• Strive for your own brand of “multimedia overkill.” That means creating videos, slideshows and podcasts about everything happening on campus, not just the big events, but the little ones – health fairs and routine games and the bands that perform on the quad at lunchtime every week.

  • Create your own version of The Washington Post’s “On Being” series--two-minute videos about what life is like for regular Joes that has become one of the most popular features on the newspaper’s Web site.

  • Make a series of virtual tours of your college campus. Take readers to the most outrageous dorm rooms, the coolest research labs, the messiest professors’ offices, the best places to kiss.

  • Collect mini videos of professor’s lectures so students can see if they’d prefer Professor Chen or Professor Jones for Art History 101.

  • Give more attention to college sports, creating video reports for every game and pages for each player like Curley’s staff does for the high school teams of Loudon County, Virginia.

  • Link to data that already exists. When you write about professors like to their university Web pages so readers can read their bios, find out more about their research and get their office hours and contact information. If your campus is audiotaping or videotaping lectures and putting them on the Web, link to those, too.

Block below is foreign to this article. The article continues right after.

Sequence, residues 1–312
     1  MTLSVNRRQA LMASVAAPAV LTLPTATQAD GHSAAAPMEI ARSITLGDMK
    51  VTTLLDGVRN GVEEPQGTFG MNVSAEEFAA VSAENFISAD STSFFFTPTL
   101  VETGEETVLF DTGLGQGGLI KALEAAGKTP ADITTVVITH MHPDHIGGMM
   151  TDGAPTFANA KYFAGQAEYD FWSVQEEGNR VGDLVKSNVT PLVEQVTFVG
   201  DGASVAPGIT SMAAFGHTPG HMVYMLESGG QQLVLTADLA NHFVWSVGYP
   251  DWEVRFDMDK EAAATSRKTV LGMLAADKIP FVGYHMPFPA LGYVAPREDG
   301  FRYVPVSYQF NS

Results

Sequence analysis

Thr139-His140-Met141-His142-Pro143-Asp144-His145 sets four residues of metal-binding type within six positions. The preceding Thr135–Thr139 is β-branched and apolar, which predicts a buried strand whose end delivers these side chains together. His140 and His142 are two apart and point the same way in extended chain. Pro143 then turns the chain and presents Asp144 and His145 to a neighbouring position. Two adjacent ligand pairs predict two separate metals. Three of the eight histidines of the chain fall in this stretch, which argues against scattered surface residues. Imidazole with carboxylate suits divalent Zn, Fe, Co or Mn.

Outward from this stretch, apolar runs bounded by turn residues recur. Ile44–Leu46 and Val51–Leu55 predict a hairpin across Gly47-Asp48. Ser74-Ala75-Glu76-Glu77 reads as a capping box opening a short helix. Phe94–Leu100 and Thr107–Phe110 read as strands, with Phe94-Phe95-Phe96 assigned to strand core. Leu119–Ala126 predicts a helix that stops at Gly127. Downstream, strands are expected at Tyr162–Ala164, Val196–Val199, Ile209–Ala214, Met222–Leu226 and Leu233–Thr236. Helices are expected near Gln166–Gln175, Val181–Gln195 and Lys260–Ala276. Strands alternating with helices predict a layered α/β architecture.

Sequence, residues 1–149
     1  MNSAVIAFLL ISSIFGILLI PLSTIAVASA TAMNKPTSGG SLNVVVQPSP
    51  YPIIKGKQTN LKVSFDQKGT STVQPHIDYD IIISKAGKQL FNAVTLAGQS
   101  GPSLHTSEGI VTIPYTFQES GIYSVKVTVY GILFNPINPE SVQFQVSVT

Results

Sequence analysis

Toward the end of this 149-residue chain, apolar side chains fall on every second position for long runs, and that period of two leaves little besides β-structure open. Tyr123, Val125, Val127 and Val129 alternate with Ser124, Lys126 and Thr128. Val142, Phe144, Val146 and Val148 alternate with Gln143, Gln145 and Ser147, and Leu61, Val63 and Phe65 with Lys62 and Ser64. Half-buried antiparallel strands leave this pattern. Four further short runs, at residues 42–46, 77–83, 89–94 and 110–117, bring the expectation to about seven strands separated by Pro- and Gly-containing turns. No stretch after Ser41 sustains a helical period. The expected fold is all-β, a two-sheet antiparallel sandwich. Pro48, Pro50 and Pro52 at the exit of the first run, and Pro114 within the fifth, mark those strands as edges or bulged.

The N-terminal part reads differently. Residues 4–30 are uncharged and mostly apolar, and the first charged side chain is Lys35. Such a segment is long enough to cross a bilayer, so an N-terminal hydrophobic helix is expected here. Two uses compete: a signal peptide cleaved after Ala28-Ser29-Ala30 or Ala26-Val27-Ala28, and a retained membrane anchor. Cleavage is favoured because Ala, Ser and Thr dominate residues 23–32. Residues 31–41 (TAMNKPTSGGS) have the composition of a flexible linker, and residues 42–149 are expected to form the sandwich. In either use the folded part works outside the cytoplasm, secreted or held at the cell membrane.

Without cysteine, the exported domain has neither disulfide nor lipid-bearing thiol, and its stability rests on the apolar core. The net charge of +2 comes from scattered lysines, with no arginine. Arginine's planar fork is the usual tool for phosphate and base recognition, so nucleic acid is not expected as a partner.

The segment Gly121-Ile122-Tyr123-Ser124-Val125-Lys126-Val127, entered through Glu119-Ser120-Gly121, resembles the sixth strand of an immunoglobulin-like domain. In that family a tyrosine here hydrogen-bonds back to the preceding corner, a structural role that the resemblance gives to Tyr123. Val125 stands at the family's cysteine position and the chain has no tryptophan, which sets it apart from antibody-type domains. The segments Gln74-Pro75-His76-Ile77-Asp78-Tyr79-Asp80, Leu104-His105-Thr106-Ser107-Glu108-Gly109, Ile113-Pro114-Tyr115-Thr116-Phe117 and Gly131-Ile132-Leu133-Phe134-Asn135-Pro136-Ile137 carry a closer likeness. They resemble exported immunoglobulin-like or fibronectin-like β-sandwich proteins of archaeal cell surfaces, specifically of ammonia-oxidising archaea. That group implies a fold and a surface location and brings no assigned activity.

• Create the partnerships with readers that Curley advocates by encouraging students to send in their photos, videos and other materials. Link to regular contributors' Facebook and MySpace pages.

  • Encourage students who don't work for the newspaper to write blogs about specific aspects of campus life--dorm life, medical school, study-abroad programs, fraternities and sororities.

  • Create resource guides to your campus like the ones at LoudonExtra.com These might include guides to student or community elections, student clubs and organizations, Greek organizations, local bands, local restaurants and/or businesses. Include photos, videos and useful information like hours, phone numbers and maps. Once readers know these guides are on your site, they will come back again and again to check information. You can update them each year or each semester.